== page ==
The classic Seussian tale begins with an elephant named Horton (voiced by Jim Carrey) who decides it’s too hot and that he’d like to cool down. So, he decides to go swimming ina pool in the jungle of Nool (if I could write my whole review in rhyme, I would). While bathing in the pool, a tiny speck floats by Horton’s ear, and he hears voices yelling. Horton, convinced that there are people on the speck, rushes to save it from landing in the water by catching it on a clover.
All the while, the rest of the jungle thinks Horton is crazy, but no one more than the big bad kangaroo (Carol Burnett) whose mission it is to destroy the clover “for the children!” Meanwhile, Horton is right about the speck and inside the tiny dust ball is a town named Whoville that’s four sizes smaller than Horton’s world. Horton speaks with the mayor of Whoville (Steve Carell), and together they decide that the speck needs to reach a safe and stable place at the top of Mount Nool or Whoville will be destroyed.
Perhaps the most surprising aspect of the film was the number of styles and animation that co-directors Jimmy Hayward and Steve Martino were willing to explore. For instance, the jungle of Nool has a warm, cartoony, otherworldly feel to it, while the town of Whoville is undoubtedly Seussian. There is also a sequence animated in 2-D in the same style as the original Seuss books (think Cat in the Hat) and another sequence that does a hilariously fine job of imitating Japanese anime. Most importantly though, the shifts never get in the way of the story.
On the subject of animation, it seems that computer animated stories have finally reached a point past the “wow” factor, where the computer doodles don’t have to become more important than the story.
The animation was fantastic. It was rich and textured, and in the opening scene, the water that Horton swims in looks incredibly real. The water, however, is about the only thing that looks real, which is a good thing. The biggest mistake that the live-action Seuss films made was trying to recreate the world of Dr. Seuss with tangible sets. It never quite felt like Seuss; it never quite felt like anything at all. It was a blah attempt at a world that was meant to live in imaginations. Luckily for the audience of “Horton,” Blue Sky had a grip on what it wanted visually from the story, and the beauty of computer animation is that everything that is seen on screen is amazingly calculated and detailed.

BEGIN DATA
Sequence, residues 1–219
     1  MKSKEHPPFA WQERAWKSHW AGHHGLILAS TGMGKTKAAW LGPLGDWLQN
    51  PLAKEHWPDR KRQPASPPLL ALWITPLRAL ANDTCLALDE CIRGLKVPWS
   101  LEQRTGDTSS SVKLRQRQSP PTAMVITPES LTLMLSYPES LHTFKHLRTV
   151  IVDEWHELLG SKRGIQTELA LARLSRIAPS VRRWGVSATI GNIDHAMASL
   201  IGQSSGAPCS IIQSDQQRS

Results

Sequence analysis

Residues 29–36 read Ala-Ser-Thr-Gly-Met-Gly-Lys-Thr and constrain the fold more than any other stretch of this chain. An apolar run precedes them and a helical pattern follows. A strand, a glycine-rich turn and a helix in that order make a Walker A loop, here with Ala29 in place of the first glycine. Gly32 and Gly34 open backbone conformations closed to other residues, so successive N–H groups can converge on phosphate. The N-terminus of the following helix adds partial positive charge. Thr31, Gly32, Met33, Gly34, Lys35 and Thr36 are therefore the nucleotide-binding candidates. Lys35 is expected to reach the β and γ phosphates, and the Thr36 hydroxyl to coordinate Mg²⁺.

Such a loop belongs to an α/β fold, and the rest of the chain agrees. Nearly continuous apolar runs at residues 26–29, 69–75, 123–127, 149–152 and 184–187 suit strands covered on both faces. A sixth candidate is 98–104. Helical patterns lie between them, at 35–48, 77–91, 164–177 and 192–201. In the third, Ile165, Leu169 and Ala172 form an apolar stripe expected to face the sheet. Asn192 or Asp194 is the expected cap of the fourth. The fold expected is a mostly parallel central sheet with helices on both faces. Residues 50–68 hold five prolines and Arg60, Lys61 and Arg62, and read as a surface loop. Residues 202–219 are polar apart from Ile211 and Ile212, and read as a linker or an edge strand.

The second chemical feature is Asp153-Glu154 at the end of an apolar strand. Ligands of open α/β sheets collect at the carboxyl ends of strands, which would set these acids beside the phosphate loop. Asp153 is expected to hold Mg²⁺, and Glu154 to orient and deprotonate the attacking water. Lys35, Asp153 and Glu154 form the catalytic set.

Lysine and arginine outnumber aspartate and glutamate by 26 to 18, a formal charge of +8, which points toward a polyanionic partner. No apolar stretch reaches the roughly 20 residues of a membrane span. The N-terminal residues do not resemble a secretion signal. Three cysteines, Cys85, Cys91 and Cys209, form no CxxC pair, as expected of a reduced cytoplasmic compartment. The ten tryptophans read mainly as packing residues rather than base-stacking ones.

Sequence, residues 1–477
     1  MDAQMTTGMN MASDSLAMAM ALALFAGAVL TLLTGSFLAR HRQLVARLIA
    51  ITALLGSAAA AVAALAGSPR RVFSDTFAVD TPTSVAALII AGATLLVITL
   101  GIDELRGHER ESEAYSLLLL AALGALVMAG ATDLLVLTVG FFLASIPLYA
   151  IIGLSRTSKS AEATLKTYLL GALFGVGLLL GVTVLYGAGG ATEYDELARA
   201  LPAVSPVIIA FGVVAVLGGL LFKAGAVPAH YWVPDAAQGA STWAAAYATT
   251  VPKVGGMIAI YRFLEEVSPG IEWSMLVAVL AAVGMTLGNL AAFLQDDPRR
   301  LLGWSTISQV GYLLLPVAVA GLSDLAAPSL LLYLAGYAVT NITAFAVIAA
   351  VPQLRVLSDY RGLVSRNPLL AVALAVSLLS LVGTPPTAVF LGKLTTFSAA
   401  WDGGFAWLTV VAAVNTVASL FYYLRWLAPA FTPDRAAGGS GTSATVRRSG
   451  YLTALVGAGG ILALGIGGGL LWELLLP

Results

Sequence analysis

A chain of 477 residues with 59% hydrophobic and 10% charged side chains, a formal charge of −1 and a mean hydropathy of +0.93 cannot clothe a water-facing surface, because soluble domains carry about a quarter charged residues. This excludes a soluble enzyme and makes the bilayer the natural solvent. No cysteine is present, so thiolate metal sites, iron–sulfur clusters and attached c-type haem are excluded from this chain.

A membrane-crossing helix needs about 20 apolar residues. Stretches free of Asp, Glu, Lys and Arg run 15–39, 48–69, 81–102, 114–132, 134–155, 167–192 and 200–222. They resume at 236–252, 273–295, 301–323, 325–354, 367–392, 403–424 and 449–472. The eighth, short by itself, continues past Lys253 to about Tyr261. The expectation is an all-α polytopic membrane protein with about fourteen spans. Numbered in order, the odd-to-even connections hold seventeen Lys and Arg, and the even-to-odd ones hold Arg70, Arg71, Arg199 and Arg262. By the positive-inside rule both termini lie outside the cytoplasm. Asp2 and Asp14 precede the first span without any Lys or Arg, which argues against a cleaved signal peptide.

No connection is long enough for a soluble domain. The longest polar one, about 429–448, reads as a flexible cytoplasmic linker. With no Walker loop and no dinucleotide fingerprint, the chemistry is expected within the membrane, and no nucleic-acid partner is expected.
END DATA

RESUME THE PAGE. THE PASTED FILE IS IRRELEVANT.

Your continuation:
It’s also worth noting that composer John Powell’s score was excellent (save for an unfitting song at the end). I got really excited when, during the climax, Powell was most certainly aiming to score a song similar to Ennio Morricone’s “Ecstasy of Gold.” That song is famously known for playing during the climax of Sergio Leone’s “The Good, the Bad and the Ugly,” and it was a nice homage to the spaghetti westerns.
But what irked me most about the film, however, was the sometimes over-the-top acting of Carrey and Carell. They are both comedic powerhouses, for sure, but there’s something about the voice acting improvisation by both of them that doesn’t carry over into animation. Perhaps it’s because the spontaneity of it is lost in the technicality of animating it. In any case, the voice acting was nothing short of superb.
Outside of Carrey and Carell, sometimes getting lost in trying to be funny, the supporting cast delivered wonderfully. Carol Burnett reminded me of every overbearing mom who I’ve been unlucky enough to overhear (“Horton is teaching the kids to use their imagination!”– gasp!).
The smaller characters are littered with celebrities, including Will Arnett, Seth Rogan, Jonah Hill, Isla Fisher, Jaime Pressly and Amy Poehler, to name a few. It’s unfortunate that many of their roles are fairly small, especially Arnett as the bounty hunter vulture, Vlad.
Overall, “Dr. Seuss’ Horton Hears a Who!” was surprisingly good. Blue Sky Studios certainly brought out a film that rivals what Pixar has been doing for years with movies such as Toy Story and Finding Nemo. “Horton” was visually exciting, featured an astounding cast of voice actors, and was faithful to the world of Dr. Seuss. It’s cliche, I know, but it truly is a film that can be enjoyed by all ages if you’re willing to lose yourself in one of Seuss’ wonderlands. So go to the theater and buy a ticket; and if you see a speck of dust, don’t you dare flick it because as Horton would say, to one and to all, “a person is a person, no matter how small.”
This review was originally published for the Collegiate Times, the student newspaper of Virginia Tech. Read the original publication.